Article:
Ukraine – and Russia too, if truth be told – will need a fresh Marshall Plan to overcome the months of destruction of infrastructure and finances. The trouble is, this is not 1947; neither the US nor any other country – except China perhaps – is in a position to meet the bill, at least not without vastly inflating its own debt and undermining its own currency. The rubble is not merely that of buildings – it’s also of the financial order and certainty that prevailed just a short time ago.

Soapbox: Another US recession?

  |   By  |  0 Comments

Soapbox Recession

With 678,000 jobs in the US added in February it might seem a little perverse to be considering the chances of a recession. Yet on Tuesday 29 March, an unusual and perhaps worrying event occurred – the US Treasury yield curve inverted.

If that seems a bit technical, abstract, and remote, let’s try to figure out its possible implications for your wallet. They could be profound.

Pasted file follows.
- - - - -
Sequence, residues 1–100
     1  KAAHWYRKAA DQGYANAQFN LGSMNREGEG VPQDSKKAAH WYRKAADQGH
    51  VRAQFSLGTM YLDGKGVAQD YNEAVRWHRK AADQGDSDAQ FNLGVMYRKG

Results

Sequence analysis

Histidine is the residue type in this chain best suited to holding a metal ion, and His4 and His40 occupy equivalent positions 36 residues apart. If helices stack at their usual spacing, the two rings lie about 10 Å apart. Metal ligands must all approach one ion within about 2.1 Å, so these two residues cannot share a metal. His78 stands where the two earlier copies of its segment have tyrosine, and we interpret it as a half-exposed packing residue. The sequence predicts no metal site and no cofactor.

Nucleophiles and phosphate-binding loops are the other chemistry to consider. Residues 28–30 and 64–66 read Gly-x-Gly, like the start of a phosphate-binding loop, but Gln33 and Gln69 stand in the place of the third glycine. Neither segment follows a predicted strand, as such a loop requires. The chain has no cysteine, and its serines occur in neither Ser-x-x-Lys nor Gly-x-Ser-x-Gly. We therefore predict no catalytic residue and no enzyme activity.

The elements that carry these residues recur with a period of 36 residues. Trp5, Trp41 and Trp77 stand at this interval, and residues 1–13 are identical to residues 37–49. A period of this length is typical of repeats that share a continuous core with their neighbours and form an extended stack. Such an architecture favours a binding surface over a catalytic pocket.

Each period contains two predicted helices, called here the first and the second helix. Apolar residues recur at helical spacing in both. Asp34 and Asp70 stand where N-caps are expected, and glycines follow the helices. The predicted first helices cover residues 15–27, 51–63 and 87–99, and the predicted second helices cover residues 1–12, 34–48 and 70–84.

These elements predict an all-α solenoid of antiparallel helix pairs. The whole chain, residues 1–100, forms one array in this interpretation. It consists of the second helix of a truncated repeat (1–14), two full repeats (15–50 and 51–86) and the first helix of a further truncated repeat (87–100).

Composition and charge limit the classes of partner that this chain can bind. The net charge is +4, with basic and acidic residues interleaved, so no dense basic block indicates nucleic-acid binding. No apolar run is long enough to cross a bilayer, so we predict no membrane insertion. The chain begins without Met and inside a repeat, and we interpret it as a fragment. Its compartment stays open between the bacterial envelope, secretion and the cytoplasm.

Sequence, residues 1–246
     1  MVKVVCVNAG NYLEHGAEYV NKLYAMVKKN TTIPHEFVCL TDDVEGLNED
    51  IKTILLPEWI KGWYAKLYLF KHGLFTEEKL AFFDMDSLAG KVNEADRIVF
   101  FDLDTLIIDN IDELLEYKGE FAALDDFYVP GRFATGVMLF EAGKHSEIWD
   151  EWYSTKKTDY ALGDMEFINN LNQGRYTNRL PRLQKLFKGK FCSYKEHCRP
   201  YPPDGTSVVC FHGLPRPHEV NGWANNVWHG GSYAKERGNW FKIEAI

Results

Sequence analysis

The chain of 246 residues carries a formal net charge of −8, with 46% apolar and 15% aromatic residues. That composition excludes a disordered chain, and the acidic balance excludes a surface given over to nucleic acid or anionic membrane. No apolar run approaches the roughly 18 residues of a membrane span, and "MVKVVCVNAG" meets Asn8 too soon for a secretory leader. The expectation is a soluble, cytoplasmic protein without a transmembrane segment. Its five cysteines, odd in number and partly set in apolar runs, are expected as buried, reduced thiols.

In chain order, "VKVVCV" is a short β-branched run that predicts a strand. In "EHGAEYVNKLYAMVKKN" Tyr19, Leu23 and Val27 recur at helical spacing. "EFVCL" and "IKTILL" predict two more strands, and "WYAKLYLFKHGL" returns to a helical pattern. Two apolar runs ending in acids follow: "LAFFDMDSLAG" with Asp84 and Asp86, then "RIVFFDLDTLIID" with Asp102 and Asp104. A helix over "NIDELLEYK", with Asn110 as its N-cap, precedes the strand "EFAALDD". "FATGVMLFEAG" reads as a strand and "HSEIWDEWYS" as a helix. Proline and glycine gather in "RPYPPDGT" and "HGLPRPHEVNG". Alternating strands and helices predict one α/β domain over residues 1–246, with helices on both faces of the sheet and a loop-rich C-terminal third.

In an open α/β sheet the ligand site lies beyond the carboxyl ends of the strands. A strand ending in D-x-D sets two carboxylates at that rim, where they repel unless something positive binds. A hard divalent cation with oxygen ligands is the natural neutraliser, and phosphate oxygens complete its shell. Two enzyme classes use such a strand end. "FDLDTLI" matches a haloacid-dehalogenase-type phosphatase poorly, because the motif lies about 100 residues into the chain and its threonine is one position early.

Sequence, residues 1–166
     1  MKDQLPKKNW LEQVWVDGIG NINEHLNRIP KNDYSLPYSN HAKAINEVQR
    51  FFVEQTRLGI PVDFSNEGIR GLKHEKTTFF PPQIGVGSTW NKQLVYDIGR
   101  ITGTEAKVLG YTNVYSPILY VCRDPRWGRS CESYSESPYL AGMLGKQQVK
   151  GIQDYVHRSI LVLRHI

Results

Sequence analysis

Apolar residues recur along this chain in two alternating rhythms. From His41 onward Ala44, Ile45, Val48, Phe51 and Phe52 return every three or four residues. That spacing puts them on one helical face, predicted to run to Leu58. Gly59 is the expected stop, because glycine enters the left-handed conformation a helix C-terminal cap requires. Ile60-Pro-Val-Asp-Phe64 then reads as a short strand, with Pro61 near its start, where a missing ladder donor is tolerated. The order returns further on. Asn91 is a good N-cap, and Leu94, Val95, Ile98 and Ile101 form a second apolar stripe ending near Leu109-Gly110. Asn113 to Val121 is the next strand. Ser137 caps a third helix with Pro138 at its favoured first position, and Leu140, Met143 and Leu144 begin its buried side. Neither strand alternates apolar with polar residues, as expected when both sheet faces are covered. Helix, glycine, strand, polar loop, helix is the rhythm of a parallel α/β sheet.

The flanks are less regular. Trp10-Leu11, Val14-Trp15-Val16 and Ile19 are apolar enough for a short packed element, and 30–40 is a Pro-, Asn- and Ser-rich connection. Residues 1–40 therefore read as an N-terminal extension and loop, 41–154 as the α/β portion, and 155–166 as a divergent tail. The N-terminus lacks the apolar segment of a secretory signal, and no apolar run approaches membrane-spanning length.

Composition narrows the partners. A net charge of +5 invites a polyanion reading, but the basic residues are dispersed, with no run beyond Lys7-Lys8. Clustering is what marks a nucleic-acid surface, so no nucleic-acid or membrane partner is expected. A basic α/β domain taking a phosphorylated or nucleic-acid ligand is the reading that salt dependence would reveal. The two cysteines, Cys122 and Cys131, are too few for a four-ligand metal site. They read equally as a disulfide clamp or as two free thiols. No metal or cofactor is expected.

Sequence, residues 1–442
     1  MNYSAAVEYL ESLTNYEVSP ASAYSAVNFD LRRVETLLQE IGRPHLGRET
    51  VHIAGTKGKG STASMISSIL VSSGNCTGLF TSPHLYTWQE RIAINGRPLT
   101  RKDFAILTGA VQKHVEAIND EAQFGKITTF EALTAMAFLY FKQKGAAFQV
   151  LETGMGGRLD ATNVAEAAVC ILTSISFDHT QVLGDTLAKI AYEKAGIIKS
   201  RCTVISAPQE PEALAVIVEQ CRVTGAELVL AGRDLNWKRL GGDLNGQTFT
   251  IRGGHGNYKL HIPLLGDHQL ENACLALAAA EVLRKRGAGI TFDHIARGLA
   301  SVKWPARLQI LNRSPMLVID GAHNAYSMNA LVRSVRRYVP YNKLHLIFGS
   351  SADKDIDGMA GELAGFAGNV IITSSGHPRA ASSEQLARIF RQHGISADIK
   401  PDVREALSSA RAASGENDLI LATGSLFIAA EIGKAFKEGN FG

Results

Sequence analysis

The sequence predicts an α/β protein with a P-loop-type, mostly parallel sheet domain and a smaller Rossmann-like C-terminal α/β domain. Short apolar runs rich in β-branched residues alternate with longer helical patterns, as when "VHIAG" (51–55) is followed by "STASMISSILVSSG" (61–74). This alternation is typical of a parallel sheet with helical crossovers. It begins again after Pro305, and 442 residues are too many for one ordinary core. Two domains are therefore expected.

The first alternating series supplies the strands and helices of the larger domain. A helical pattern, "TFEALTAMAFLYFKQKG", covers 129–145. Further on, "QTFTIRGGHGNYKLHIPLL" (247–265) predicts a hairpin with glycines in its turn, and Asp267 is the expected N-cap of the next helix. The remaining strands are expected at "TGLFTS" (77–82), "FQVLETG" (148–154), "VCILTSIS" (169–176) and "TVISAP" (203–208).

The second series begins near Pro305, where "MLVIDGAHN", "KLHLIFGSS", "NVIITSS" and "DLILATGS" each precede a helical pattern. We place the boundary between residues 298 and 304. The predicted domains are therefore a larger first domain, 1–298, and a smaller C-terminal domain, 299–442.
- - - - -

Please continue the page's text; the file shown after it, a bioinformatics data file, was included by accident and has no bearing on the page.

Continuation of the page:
The ‘yield curve’ plots the potential yield of all US Treasury securities – bonds, notes and bills. These financial instruments are widely regarded as the safest protection on the block, because they are backed by the US government. They are regarded as the safest place to park your investment; so their yields (the measure of the return an investor can expect) are rather low. These instruments have different maturities (the date at which the instrument becomes due for repayment of the principal and any due interest). The maturities for bills are one month to one year, notes from two years to 10 years, and the bonds are 20 and 30 years. The overall Treasury market is valued at $23 trillion.

The yield curve plots the yield of all Treasury securities.

Typically, this curve slopes upwards because investors expect more compensation for taking on the risk that rising inflation will lower the expected return from owning longer-dated bonds. So a 10-year note typically yields more than a two-year note because it has a longer duration. Yields move inversely to prices.